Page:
Grow profits in a depressed market - is it possible?

When times are tough we turn to jokes, like the one about the trader who said, “This is worse than a divorce. I've lost half my net worth and I still have a wife….”

The economic crisis has been no joking matter, though. The last six months have been tough for most of us. Turnover and therefore profits have done a sharp nose-dive. That’s why I was surprised when one of my clients told me their profits have been steadily increasing even though turnover is down. What is the secret, I asked?

No big secret really, he replied. We are just buying smarter.

They recently employed an experienced buyer whose job it was to grow profits by reducing raw material costs. Sounds obvious, doesn’t it? 

All of us can do the same and here are some ways to go about it.

I don’t think changing away from an existing loyal supplier is a good idea as your first option. Primarily because it is not fair on them and also because of the risk involved to you. So first try to get a better price from your existing supplier, by for example:

  1. Cutting out some logistic costs 
  2. Buying in a bigger pack-size 
  3. Getting a better price based on volume 
  4. Paying earlier 
  5. Or simply asking for a better price 

Just say your supplier imports the product, stores it in a warehouse then delivers it to you. If you can use that much, ask him for a price for a full container delivered to you direct from the port. He should be able to give you a better price because it cuts out the logistic costs of warehousing and delivery.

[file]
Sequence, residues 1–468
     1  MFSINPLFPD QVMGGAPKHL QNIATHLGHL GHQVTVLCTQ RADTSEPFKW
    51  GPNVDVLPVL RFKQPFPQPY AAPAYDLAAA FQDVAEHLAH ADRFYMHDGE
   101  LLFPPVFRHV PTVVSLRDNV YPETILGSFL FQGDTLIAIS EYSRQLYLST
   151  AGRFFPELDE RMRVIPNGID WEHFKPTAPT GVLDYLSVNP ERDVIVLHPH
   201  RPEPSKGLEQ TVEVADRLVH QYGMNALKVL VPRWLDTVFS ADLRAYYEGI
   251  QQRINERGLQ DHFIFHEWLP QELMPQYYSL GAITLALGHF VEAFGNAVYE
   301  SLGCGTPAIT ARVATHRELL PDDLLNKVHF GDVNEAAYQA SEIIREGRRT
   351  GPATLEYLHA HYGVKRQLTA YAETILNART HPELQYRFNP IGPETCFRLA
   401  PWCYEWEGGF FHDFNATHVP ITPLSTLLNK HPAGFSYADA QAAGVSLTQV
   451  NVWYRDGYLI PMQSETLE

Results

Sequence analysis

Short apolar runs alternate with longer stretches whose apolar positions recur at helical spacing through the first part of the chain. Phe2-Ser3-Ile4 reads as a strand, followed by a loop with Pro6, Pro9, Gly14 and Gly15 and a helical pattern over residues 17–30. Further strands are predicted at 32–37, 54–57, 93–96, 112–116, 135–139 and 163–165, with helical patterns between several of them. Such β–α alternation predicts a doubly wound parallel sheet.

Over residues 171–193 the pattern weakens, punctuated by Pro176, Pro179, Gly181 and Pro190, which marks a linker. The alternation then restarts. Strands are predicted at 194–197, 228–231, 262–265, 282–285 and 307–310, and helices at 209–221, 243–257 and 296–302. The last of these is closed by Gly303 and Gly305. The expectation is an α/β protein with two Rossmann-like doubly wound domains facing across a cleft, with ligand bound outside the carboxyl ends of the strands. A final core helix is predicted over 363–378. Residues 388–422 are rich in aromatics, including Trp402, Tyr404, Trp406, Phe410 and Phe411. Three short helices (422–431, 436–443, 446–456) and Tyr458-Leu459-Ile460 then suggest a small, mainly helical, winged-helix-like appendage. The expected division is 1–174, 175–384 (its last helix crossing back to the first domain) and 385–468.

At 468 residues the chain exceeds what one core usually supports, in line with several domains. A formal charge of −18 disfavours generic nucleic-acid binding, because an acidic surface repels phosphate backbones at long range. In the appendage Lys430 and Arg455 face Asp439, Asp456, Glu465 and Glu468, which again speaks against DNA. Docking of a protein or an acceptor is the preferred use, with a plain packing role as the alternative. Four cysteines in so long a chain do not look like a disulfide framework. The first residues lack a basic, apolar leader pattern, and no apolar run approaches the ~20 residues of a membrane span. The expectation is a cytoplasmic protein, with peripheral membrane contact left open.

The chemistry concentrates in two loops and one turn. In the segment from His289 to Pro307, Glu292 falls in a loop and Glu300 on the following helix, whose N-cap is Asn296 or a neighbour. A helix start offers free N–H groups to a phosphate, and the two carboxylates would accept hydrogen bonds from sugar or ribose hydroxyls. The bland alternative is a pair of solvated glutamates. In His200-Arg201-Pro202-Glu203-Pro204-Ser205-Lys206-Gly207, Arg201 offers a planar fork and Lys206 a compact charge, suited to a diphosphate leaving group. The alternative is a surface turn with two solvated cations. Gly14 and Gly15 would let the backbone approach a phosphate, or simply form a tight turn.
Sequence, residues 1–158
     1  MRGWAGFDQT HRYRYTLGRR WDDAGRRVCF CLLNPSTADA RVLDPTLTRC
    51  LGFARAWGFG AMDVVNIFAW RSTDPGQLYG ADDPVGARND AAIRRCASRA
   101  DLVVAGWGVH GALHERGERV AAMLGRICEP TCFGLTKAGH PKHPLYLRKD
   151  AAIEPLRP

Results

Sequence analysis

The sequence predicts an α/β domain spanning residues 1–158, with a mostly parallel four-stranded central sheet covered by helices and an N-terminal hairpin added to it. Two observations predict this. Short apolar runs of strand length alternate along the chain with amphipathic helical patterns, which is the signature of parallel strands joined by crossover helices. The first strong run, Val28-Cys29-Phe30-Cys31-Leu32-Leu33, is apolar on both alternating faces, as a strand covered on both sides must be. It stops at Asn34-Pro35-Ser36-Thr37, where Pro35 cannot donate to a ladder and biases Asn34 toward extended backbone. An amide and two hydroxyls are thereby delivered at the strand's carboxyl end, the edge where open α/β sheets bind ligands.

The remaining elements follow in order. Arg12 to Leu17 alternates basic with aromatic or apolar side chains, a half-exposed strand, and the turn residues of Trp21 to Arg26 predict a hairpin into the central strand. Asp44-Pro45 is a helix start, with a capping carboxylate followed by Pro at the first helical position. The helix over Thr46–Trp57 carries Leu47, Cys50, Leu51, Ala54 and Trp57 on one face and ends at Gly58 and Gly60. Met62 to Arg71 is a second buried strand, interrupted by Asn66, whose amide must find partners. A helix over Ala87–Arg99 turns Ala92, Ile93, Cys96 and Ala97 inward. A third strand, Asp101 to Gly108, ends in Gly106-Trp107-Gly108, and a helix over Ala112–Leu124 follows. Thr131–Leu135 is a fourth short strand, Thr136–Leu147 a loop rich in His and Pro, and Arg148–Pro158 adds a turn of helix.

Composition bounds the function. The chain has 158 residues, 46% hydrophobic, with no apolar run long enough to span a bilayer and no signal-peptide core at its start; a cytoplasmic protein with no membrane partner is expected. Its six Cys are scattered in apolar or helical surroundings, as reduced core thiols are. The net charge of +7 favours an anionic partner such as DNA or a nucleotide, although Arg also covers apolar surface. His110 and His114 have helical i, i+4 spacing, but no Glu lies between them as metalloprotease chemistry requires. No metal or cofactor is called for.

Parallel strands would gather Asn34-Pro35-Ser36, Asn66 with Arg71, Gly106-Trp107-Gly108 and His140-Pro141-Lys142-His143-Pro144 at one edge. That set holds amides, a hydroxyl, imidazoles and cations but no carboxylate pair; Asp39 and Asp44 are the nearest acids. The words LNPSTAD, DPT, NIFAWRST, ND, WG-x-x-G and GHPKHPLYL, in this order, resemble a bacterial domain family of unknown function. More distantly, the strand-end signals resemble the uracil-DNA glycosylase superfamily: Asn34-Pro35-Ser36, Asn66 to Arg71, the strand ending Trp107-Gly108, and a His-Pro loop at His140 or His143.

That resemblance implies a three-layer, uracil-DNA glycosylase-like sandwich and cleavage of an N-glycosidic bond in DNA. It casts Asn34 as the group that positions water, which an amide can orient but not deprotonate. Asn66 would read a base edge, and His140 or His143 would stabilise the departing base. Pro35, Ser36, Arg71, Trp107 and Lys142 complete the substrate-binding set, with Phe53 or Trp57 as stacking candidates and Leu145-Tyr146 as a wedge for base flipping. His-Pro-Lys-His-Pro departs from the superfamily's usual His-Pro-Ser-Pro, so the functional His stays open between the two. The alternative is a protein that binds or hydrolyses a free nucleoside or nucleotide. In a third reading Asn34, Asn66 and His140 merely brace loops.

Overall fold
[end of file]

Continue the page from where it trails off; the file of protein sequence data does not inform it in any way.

Try asking for a price for bags packed loose in the container, especially if it comes from a country where labour is cheap and pallets are dear. Usually, this option means more tons can be packed per container, so there should be a saving on the freight cost per ton. The labour and pallet costs at your end will need to be added, but there may still be a saving on the final price.

Or ask him if there is a price saving if you take it in bulk bags, instead of small bags (as long as you can handle big bags, of course).

Getting a better price based on volume may sound impossible since your volumes are down. But how about giving your supplier an order that covers four month’s supply? Order 200 tons for delivery 50 tons per month for the next four months, for example. This makes it a big order, which should qualify for a discount.

Paying earlier is never popular with clients because they always want to pay later rather than sooner. However, it is very popular with suppliers! Most will be keen to give a discount for cash or advance payment terms. It is all to do with the cost of money in the end, isn’t it?

As a supplier, I am not fond of the last option – just asking for a better price, because there is no give-and-take to it. However that’s business, I suppose. It happens all the time. Many suppliers will drop the price to keep your business, especially when threatened with a lower price from the competition.

OK, so you’ve tried some of the above and you are still not happy. The next step is to change to a cheaper supplier. Now you need to manage the risk of changing to a product from a different source. You don’t want it to have a negative effect on your product and cause you to lose sales. What are some ways to reduce this risk? 

  1. Test a sample 
  2. Get references 
  3. Do an industrial trial 
  4. Use it on a 50:50 basis first 

I suppose these are all pretty obvious and you do them every day. However, did you think of using a new product in a 50:50 blend with the old product before changing over completely?

Every little saving on each input cost will go straight to the bottom line. What a neat way to grow profits with minimal cost and effort. 

If one company can increase profits in these difficult times, then so can you

So, what's the difference between an Investment Banker and a pigeon? The pigeon can still make a deposit on a new BMW.

Keep on smiling and let's hold thumbs that the difficult times will soon be over!




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